- The history of South Africa has been a turbulent and often a bloody one, creating a complicated coinage.
- In 1892, the Transvaal Republic (also known as the South African Republic or the ZAR) began minting .925 silver coinage based on the British pre-decimal system.
- South African silver coins are not that difficult to find in the Americas or in Europe
The history of South Africa has been a turbulent and often a bloody one, creating a complicated coinage.
British forces arrived at the Cape of Good Hope in 1795 and after several spats with the Netherlands, the Cape Colony was formally recognized as a British possession by the 1815 Congress of Vienna.
A series of wars with the earlier Dutch Boer settlers and the native peoples, most notably the Zulu, followed.
By 1910, Great Britain had absorbed the northern Boer-ruled Transvaal Republic and Orange Free State and the eastern tribal states into the Union of South Africa, a Dominion of the British Empire.
This new South Africa became a volatile mix of British and Dutch-descended citizens, immigrants from other parts of the British Empire, and a large majority of native peoples.
The Cape Colony itself never had its own currency
Instead it used the British pound sterling, together with a multitude of other currencies, to conduct everyday business and trade.
This brief historical background is necessary to gain an understanding of South Africa’s rather complicated currency history.
In 1892, the Transvaal Republic (also known as the South African Republic or the ZAR) began minting .925 silver coinage based on the British pre-decimal system.
These South African silver coins were minted until 1897 and bear the image of Paul Kruger, the then president of the ZAR.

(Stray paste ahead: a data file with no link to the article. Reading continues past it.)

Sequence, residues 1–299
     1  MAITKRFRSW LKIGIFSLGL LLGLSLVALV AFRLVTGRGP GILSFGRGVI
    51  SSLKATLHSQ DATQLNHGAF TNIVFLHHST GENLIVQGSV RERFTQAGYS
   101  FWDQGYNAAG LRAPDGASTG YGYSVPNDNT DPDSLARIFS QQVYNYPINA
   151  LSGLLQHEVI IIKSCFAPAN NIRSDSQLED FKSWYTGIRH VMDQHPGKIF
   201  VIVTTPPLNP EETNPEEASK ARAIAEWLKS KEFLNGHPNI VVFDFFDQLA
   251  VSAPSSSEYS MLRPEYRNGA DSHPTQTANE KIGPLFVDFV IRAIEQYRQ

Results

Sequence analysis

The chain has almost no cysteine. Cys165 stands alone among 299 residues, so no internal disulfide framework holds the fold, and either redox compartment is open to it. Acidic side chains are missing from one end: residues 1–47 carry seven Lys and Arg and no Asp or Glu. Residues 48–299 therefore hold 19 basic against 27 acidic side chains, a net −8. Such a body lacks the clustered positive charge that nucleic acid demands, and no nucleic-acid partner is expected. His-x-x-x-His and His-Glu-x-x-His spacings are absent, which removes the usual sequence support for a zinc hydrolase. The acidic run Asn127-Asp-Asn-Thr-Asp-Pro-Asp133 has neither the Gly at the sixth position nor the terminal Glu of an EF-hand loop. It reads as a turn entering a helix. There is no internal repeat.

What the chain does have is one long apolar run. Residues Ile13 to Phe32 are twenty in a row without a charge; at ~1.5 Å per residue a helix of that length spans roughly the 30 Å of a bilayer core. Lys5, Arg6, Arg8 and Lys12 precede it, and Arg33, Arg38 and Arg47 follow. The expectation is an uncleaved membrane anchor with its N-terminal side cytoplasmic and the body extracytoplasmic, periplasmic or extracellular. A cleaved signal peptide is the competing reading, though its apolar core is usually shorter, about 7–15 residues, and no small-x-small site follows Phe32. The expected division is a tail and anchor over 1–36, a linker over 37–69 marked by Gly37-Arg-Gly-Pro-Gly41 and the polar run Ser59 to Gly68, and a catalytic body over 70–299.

In 1923, the Union of South Africa began minting South African silver pound coins.
Like the coins of the ZAR, the silver coins of the Union were identical in denomination to British pre-decimal coinage.
From 1923 to 1950, South African silver coins ranged from the threepence to the half-crown and crown, which were designated commonly as 'two and a half shillings' and 'five shillings and were minted of .800 fine silver.
Then from 1951 to 1960 they were produced from .500 fine silver.
In 1961, the minority white-ruled government declared independence from Britain.
They established the Republic of South Africa and replaced the pre-decimal pound with the new decimalised Rand, which is the currency that South Africa uses to this day.
The South African government then minted silver Rand coins from two and a half cents up to 50 cents in .500 fine silver, however this run only lasted from 1961 to 1964.
From 1965 to 1990, only limited edition 1 Rand coins contained silver, at a fineness of .800.
South African silver coins are not that difficult to find in the Americas or in Europe
But because of its complicated history and the changes in silver purity and currency format over time, it can be a confusing country for the novice silver coin collector.
Further complicating matters are the obverses of South African coins
- The silver ZAR coins bear the image of Paul Kruger;
- Union of South Africa coins bear the portraits of the reigning British monarch;
- And old Republic of South Africa Rand coins feature Jan van Riebeeck, an important Dutch South African figure of the 17th century.
So, if you're thinking of pursuing collectible South African silver coins, be sure you are aware of and keep all of these distinctions straight.